Here at the Road to Hellth, we’re normally all for letting the free market work whenever possible, but it’s important to remember that for markets to work properly there are certain pre-conditions. First, the economic relationship between businesses and their customers has to be relatively clear. For example, when a patient goes to a hospital, exactly who is the hospital supposed to be serving? Is it the patient who has the disease or the insurance company paying the bill? Second, working markets require that critical pieces of information, like prices, services and certain pieces of fine print, be relatively transparent. It does no good to comparison shop for price, only to find that the goods and services you’re receiving aren’t equivalent. Third, there have to be enough competitors in the market to produce actual competition. One reason American healthcare seems to be in such miserable shape is that one, two or even all three of these preconditions are absent in many cases. This is generally bad news for all of us who happen to be patients at one time or another. As the “little guy”, we’re typically the ones with the least information, the least amount of leverage and the most to lose during any brush with the healthcare system.
One example that came to our attention recently has its roots in the absurd amount of power that hospitals have come to wield over the patients and clinicians that, (at least back in the good old days), they are supposed to be serving. Look at any advertisement these days for a hospital or healthcare system, and you’ll see these institutions portrayed as big teddy bears: all fuzzy and warm, caring for you as an individual and sporting the best doctors, equipment and procedures money can buy. All of which makes it truly bizarre when they go ahead and screw us on the little things.
One of those little things is the hospital’s medication formulary; the assortment of medications that hospitals choose to carry in their inventory for use in treating patients. It used to be that hospitals made an attempt to stock just about every drug that might reasonably be used for taking care of patients. If you were admitted to the hospital on Chiquita Bananatol and your admitting doctor wrote that you were to get Chiquita Bananatol, the hospital pharmacy would send up exactly what the doctor ordered. No pussyfooting. No second guessing your doctor. From a clinician’s perspective, it was nice to know that your patients would get exactly what they were supposed to get. Actually, it was nice from a patient’s perspective as well.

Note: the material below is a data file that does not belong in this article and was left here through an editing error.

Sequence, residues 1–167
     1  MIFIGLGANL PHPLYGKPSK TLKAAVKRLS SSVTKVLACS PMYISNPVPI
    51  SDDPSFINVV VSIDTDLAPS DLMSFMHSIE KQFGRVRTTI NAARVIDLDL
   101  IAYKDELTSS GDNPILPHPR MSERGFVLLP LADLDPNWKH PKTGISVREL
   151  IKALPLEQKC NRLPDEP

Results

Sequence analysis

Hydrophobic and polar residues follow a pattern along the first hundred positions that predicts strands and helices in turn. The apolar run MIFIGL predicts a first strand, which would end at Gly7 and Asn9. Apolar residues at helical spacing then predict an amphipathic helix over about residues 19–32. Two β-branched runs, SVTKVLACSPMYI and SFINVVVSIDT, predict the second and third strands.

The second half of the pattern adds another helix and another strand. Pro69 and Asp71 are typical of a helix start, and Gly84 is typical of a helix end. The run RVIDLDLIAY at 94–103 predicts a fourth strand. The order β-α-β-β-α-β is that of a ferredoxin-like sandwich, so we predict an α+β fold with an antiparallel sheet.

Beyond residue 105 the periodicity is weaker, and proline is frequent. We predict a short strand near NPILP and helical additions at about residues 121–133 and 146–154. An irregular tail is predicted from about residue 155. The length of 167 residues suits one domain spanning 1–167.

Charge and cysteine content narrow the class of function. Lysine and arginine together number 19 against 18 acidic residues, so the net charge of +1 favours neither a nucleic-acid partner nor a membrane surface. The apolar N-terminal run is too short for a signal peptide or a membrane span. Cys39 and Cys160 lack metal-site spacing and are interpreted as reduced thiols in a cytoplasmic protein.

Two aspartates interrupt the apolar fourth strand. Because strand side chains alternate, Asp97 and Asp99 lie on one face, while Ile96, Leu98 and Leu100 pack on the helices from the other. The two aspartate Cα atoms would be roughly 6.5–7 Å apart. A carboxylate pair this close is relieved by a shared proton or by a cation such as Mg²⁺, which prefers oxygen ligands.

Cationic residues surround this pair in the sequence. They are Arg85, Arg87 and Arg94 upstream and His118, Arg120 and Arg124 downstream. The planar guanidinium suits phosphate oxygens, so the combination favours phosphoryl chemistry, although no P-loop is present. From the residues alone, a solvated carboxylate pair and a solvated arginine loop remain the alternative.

Things began to change a bit around 20-30 years ago when money started to get tight, generics became more readily available and the cost of medications became increasingly important to insurance companies. Instead of filling prescriptions as written, hospital pharmacies began to replace brand names with generics that were (supposedly) equivalent to the original drug. Most of the time they were, but hospitals and pharmacies were never so pushy as to completely reverse a physician’s orders and replace one brand name medication for another. At least until now.
Welcome to the Insulin Wars. As many of you probably know, insulin is a hormone that is naturally secreted by the pancreas to regulate the amount of sugar in the bloodstream and allow individual cells to get the energy they need to live. Diabetes is caused either by an inability to make insulin, or insulin resistance that makes a given amount of insulin considerably less effective. In both situations excess amounts of sugar tend to stay in bloodstream. Over the years this can cause considerable damage to the kidneys, eyes, heart, nervous system, and just about every other organ system. All of these complications have made good blood sugar control a high priority for just about everyone involved.